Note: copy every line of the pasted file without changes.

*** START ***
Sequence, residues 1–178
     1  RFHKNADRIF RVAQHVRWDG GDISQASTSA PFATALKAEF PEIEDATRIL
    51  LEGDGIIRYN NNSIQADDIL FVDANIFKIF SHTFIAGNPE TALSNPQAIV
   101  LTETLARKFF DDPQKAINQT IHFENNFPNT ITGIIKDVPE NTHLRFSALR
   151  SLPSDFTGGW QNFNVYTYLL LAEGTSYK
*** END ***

Sequence, residues 1–178
     1  RFHKNADRIF RVAQHVRWDG GDISQASTSA PFATALKAEF PEIEDATRIL
    51  LEGDGIIRYN NNSIQADDIL FVDANIFKIF SHTFIAGNPE TALSNPQAIV
   101  LTETLARKFF DDPQKAINQT IHFENNFPNT ITGIIKDVPE NTHLRFSALR
   151  SLPSDFTGGW QNFNVYTYLL LAEGTSYK